An evolutionist in the Evolution Range

One of the friends I’m visiting in Boston is Andrew Berry, who teaches evolutionary biology at Harvard.  You may recall that Berry, whose other passion is mountaineering, placed a copy of WEIT atop Mount Darwin in California.

Berry has recently posted an account of his mountaineering homage to Charles Darwin: a combined climbing/backpacking expedition with another evolutionist.  The team ascended Mounts Darwin, Wallace, and Lamarck in the Sierra Nevada. His account includes interesting information on how these mountains got their names (others in the range include Mounts Huxley, Spencer, and Mendel).  Berry is unenthusiastic about the suggestion (seriously) that another peak in the range be named Mount (Stephen Jay) Gould; he favors Mount [R. A.] Fisher instead.

Photos from the 2009 expedition:

12 Comments

  1. Cliff Melick
    Posted October 4, 2010 at 11:42 am | Permalink

    I tend to favor a vote for Mount Fisher as well, but that just my bias as someone who enjoys statistics as well as the biological sciences.

  2. Hempenstein
    Posted October 4, 2010 at 11:54 am | Permalink

    The mtns at bottom R sorta remind me of an Easter Islander in repose.

  3. Jdhuey
    Posted October 4, 2010 at 12:07 pm | Permalink

    If Mt. Spencer is named after Herbert Spencer perhaps it could be renamed after Gould. I see no reason to honor Spencer, a man that misused evolutionary theory to develop that hideous philosophy of Social Darwinism. Especially since the name of the philosophy is a misnomer that besmirches Charles Darwin and the theory of Natural Selection.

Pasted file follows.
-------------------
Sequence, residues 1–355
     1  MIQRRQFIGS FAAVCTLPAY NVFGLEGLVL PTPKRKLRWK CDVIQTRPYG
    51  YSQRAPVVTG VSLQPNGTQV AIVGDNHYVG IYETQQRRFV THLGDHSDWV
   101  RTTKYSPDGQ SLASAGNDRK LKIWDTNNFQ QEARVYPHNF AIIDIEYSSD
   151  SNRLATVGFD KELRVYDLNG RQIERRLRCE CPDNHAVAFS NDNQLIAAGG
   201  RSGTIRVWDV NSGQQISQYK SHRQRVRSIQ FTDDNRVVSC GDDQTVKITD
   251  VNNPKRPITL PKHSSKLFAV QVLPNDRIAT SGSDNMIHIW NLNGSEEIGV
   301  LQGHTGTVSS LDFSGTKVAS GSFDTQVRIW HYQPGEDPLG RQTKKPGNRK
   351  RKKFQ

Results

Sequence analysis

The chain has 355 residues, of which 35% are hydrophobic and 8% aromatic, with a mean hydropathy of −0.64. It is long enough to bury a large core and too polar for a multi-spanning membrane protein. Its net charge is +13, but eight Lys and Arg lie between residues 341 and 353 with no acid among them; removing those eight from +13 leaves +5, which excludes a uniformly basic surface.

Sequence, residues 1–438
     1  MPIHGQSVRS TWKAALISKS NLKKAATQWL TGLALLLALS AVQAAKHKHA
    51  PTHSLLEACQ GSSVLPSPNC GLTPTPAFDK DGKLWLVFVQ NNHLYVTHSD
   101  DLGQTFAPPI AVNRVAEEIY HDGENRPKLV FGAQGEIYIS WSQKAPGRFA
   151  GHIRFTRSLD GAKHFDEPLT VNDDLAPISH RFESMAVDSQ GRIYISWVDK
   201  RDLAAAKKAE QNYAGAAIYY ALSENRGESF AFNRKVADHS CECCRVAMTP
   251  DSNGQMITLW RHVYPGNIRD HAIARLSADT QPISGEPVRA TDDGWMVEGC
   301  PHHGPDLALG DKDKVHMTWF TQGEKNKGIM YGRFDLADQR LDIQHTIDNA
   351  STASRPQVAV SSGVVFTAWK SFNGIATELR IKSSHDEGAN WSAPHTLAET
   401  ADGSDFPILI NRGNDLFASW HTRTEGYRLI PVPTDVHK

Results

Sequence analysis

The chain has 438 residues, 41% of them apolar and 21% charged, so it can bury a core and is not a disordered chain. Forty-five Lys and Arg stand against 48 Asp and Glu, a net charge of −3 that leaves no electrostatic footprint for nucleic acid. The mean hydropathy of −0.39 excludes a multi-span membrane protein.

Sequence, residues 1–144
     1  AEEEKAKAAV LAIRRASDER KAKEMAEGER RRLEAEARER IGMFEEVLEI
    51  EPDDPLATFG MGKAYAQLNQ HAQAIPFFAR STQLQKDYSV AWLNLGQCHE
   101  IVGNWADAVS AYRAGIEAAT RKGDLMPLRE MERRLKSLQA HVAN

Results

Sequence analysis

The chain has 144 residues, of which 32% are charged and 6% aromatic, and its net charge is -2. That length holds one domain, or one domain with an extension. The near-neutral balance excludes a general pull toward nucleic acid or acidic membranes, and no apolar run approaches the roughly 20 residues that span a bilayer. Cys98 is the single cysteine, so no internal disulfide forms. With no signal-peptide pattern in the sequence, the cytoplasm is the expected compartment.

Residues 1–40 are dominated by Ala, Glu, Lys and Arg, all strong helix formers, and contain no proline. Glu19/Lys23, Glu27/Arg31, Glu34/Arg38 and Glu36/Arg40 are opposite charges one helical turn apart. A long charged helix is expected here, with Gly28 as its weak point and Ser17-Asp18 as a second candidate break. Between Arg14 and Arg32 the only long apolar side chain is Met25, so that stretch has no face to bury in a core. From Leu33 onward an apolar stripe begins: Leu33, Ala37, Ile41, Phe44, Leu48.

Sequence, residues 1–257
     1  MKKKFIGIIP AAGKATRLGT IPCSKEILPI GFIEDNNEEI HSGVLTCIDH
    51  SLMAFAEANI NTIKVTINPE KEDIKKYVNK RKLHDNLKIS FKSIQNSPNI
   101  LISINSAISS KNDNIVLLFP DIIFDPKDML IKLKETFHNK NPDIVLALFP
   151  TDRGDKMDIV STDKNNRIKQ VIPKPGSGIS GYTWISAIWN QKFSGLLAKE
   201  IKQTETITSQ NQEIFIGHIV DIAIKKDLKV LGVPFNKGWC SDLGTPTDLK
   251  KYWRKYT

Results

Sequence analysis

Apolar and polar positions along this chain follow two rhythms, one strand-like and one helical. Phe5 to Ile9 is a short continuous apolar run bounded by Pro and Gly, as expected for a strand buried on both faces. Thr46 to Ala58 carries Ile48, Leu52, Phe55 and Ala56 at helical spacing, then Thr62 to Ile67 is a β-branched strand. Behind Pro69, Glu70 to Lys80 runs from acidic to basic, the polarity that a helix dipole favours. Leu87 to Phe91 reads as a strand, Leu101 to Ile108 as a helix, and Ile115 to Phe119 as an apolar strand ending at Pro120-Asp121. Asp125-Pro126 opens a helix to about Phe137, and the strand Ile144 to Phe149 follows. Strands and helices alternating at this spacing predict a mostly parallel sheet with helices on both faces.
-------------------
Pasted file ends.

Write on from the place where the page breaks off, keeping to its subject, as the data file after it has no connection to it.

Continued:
4. stvs
    Posted October 4, 2010 at 12:37 pm | Permalink

    Fisher is more than deserving of the honor because of his role in establishing the modern synthesis AND continental drift. Here’s a story about R.A. Fisher told by Persi Diaconis in his beautiful monograph Group Representations in Probability and Statistics. (The relevance here is Fisher’s analysis of hypothesis testing using measurements on a sphere.) Diaconis’s story is about the proof of Wegener’s theory of continental drift, in which Fisher played an important role in the 1950s, and a really nasty academic dispute with geophysicist/Bayesian statistician Harold Jeffreys:

    “I cannot resist reporting some background on Fisher’s motivation for working with the distribution discussed above. This story was told to me in 1984 by the geologist Colin B. B. Bull. Dr. Bull was a student in Cambridge in the early 1950′s. One day he ran across the street in haste and knocked an old man off a bicycle! The old man seemed dazed. When asked where he was bound he replied “India.” It turned out to be R. A. Fisher who was meeting a train enroute to a visit to the Indian Statistical Institute. A month later, Bull met Fisher at Cambridge and again apologized. Fisher asked what area Bull worked in. Bull explained that a group of geologists was trying to test Wegener’s theory of continental drift. Wegener had postulated that our current continents used to nest together. He tested this by looking at the distribution of a wide variety of bird, animal and plant life – arguing that matching points had close distributions.